What beats the wisecracking and even the punch-ups is the terrifying situations Red and Ann keep getting into — the flooding chamber is just one. An elevator threatens to crush them against an iron grid in BROOKLYN, and then they’re bound with chains and threatened with disposal down a dark chute into the sea. Quips are funnier when there’s an edge of hysterical panic to them.

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The bit that got Fiona in hysterics was Red having trouble with a set of joke shop false teeth while trying to pass incognito through a police station while wanted for murder. Best falsers gag since MIGHTY LIKE A MOOSE. But there are several hilarious and kind of nerve-racking bits in each picture. Later in BROOKLYN, Red has his head compressed in a vice, and his dramatic rendition of the sensation — talking in a deep, slurred voice like a brain-damaged boxer — is funny yet horrific.

Also, an addendum to my observations on HULLABALOO, in which MGM spoofed Orson Welles’ War of the Worlds broadcast, Skelton here is playing a radio sleuth perhaps modeled loosely on Welles’ turn as The Shadow, and at the end of the first film he manages to broadcast to the nation while held prisoner by Veidt’s cult. But the local police don’t believe anything they hear on the radio, having made fools of themselves the previous year…

(Fake news is not new.)

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The Big Nothing

Posted in FILM with tags , , , , , , , , , , , , , , , , on October 4, 2016 by dcairns

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It’s all here in this image — the Marx Bros are behind bars. Everything is cluttered and unclear, with too many elements poorly organized, and a big empty space in the upper right. The title is slapped on top of Groucho. They can’t even find room for Harpo. This film is in trouble already.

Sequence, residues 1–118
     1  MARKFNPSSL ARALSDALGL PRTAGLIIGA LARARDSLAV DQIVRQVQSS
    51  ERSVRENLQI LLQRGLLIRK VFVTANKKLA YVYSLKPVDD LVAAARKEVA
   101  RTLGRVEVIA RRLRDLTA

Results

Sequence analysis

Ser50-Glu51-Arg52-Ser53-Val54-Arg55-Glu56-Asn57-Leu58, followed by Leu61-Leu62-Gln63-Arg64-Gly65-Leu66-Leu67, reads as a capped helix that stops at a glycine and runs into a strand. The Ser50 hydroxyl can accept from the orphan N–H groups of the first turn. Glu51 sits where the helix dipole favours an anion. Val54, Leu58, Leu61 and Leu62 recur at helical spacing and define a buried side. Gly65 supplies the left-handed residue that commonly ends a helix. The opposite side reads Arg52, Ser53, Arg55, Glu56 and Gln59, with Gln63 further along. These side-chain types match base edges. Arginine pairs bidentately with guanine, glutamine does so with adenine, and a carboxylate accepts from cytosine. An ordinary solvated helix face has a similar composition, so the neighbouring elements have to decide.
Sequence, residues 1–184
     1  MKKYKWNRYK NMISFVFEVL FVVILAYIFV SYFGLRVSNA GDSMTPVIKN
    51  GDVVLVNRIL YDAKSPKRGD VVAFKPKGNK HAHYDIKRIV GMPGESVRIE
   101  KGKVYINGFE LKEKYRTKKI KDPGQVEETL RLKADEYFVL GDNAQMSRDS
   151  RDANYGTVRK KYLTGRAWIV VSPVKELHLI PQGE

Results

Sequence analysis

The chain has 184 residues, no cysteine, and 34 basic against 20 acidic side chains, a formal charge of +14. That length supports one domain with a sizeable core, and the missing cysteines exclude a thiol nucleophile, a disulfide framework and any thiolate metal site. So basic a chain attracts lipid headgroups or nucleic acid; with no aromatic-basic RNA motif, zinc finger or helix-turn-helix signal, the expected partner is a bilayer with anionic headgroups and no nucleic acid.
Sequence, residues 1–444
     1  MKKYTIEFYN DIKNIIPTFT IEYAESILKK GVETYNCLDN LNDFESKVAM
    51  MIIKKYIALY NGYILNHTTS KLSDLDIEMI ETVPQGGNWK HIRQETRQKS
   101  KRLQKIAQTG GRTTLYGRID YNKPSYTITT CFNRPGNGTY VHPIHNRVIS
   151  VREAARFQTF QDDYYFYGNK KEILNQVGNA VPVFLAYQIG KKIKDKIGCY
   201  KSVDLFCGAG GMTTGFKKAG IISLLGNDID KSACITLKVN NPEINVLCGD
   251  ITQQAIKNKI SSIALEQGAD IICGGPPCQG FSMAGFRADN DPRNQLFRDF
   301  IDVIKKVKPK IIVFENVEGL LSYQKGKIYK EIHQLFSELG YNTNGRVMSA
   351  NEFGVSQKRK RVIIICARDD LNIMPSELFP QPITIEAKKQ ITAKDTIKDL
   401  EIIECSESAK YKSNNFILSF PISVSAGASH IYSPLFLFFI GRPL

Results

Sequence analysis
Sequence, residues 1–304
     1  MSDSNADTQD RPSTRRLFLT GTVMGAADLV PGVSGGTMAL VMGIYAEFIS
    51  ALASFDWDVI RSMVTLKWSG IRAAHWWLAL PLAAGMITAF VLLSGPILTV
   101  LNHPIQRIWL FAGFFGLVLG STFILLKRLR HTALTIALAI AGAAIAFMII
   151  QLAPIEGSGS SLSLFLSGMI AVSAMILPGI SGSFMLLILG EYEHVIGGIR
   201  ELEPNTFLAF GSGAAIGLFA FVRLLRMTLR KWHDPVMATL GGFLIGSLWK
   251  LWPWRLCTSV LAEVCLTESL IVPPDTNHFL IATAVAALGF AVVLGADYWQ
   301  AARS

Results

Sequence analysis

THE BIG STORE is the second Marx Brothers film I suddenly realized existed, that I had never seen. The title came to me as I was nodding off one night, and in the morning I IMDb’d it and learned that yes, there was such a film. How can one Marx Bros fan, married to another Marx Bros fan, be so slack on such things? It’s not as if there anywhere near enough Marx Bros films in the world.

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The supporting cast: mannequins. The leading lady has no head, and nothing below the waist. Margaret Dumont is a man. Dumbrille is a bust.

Sadly, TBS is no ROOM SERVICE. It’s the last film from the Bros’ MGM period, and is a very sloppy piece of writing. Again, the studio throws in big sets and lavish musical numbers, which were never really essential — though it helps to have a glossy backdrop for the boys to demolish, I guess. But the script is pretty bad, with few memorable lines, tons of padding, and lots of downright bad visual comedy — and this from the director credited with Buster Keaton’s COLLEGE and STEAMBOAT BILL JNR.